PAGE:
Carpenter says he’s dealt with federal bank regulators his entire career, which includes high-level stints with Citigroup and Kidder Peabody, but “I’ve never seen anything like” the bullying he’s seen in this administration.
“There is no intellectual honesty in their approach,” he said.
Under President Obama, the feds so far have managed to extract more than $220 million from several major car financing firms, along with some $1.2 billion from the nation’s biggest mortgage lenders, over unproven, unsupported racism charges.
Of the dozens of cases prosecuted, none has been based on actual discrimination complaints. All the cases hinge on statistics generated by the flawed disparate-impact methodology.
Carpenter says the CFPB tried to hide its metrics for the analytical screens it used to determine discrimination. After Ally obtained them and ran the numbers itself, it found that non-discriminatory factors — such as credit differences, vehicle type purchased, trade-ins and down payments — explained virtually all the disparities in the loan data. It also found that many white borrowers were charged dealer rates that were higher than the white average, further undercutting the administration’s case.
Ally quickly learned the agency was unfairly comparing borrowers who were not similarly situated, Carpenter said, and “we were being accused of something we didn’t do.” Yet prosecutors refused to consider the more scientific data that refuted the racism charges.
“They just rejected it,” Carpenter said. “The people involved [in negotiations] had a very clear agenda, you know, a social agenda.
“The fundamental premise on which they based their case was not true and they knew that, [but] they didn’t care,” he added. “You could show them all the data on the planet. They did not care. They had an agenda.”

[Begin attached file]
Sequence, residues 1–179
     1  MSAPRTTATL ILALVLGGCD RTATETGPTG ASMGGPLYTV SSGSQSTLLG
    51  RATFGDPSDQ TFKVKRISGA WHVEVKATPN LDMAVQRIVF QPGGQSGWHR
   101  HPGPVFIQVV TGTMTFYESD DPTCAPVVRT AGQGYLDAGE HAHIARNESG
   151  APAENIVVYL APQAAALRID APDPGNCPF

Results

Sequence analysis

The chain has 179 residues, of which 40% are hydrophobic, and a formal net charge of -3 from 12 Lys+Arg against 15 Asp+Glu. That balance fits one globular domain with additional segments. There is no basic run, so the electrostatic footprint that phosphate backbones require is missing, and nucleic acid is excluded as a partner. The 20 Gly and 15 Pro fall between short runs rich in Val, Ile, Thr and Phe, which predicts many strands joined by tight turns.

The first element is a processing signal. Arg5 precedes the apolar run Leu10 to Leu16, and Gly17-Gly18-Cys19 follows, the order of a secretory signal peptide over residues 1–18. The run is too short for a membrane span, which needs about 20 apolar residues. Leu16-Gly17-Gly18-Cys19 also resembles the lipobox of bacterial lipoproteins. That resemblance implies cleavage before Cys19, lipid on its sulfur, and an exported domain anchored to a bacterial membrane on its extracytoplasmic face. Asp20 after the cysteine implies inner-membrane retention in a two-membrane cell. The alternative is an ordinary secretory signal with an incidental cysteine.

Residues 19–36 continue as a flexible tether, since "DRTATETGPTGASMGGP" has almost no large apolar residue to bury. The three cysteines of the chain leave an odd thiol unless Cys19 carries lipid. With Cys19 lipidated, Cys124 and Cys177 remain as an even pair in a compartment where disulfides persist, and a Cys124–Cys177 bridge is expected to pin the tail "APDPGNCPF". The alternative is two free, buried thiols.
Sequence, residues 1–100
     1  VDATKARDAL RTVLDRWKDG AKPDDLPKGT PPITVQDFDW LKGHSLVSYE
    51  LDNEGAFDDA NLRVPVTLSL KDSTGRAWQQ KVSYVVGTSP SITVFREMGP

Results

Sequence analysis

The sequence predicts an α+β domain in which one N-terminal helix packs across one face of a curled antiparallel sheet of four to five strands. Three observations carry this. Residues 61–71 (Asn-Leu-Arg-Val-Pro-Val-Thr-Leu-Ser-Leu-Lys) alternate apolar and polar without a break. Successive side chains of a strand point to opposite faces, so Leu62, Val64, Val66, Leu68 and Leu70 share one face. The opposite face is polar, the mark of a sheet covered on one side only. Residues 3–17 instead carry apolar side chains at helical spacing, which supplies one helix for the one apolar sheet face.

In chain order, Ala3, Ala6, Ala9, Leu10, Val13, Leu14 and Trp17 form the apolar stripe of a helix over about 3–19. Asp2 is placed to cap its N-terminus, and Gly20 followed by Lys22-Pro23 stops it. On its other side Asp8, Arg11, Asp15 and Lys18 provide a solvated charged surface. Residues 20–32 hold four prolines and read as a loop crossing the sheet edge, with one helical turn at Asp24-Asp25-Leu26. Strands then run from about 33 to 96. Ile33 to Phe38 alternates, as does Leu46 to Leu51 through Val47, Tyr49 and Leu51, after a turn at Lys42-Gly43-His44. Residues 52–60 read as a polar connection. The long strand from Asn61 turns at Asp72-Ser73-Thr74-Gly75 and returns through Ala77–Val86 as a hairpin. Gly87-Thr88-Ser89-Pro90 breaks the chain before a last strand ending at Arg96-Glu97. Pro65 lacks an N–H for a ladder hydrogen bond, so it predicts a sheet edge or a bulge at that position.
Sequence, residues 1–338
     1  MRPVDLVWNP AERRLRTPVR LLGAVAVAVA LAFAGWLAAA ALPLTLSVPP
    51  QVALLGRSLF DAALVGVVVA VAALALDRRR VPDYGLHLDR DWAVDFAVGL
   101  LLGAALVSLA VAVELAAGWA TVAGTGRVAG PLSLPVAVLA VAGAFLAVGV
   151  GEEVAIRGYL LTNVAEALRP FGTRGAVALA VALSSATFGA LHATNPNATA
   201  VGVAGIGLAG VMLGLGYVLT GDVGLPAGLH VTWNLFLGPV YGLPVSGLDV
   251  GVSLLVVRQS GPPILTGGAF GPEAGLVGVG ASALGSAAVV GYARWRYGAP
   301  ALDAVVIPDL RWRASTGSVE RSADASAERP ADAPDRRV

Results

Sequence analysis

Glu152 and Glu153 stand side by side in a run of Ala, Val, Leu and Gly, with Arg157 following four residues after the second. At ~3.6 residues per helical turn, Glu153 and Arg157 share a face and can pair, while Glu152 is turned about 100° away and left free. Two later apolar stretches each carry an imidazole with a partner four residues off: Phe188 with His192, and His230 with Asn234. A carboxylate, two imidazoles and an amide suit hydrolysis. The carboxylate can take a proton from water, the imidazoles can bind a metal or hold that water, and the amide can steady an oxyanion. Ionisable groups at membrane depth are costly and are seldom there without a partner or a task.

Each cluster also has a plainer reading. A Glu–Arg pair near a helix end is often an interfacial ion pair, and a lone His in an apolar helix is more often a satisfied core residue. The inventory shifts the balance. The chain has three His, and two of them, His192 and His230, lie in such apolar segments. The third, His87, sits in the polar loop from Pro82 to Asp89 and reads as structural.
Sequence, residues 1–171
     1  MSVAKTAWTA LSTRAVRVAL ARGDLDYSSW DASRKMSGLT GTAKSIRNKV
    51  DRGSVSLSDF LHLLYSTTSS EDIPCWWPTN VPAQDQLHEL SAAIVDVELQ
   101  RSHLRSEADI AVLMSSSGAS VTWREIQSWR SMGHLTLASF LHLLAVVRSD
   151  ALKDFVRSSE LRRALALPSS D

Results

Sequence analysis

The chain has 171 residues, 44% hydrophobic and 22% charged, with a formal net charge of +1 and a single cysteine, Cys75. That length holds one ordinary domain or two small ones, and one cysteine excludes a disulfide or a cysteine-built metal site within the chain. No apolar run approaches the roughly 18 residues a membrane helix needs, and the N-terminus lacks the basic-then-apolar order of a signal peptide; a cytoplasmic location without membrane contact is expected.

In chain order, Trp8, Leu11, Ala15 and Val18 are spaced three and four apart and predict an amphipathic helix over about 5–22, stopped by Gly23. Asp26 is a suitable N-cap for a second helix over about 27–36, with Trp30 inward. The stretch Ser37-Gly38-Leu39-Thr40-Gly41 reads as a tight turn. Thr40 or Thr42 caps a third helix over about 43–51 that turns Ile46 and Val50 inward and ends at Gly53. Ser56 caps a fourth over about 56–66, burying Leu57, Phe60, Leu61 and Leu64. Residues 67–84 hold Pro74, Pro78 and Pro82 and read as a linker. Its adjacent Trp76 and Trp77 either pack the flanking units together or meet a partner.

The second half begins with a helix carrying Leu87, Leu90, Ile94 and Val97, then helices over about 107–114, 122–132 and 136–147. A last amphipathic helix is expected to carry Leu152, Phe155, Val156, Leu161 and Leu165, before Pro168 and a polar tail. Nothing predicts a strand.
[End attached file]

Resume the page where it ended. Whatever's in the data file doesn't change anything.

Worse, the CFPB could never identify the alleged 235,000 Ally minority “victims” harmed by loan mark-ups. The auto industry does not report borrower race, so the CFPB resorted to guessing race by last name and zip code, a so-called “proxy” method that’s wildly inaccurate and often misidentifies whites as black.
As a result, Carpenter says he wouldn’t be surprised if as much as 20% of the checks the government is now mailing out are actually going to Caucasians.
In a pre-emptive strike against future prosecution, Ally has been randomly cutting refund checks to car borrowers on its own, outside the settlement, advising pleasantly surprised recipients a mistake may have been made in calculating their interest rate.
“We didn’t want that same problem again,” Carpenter said, “so we said to ourselves, what are we going to do to make sure we pass the (CFPB’s fair lending) test?”
In effect, the industry is now having to pay protection money to the government as a cost of doing business.
“If that’s the way you get their metrics right,” he said, “that’s the way you have to play the game.”
Paul Sperry is a former Hoover Institution media fellow and author of “The Great American Bank Robbery.” Sperry@SperryFiles.com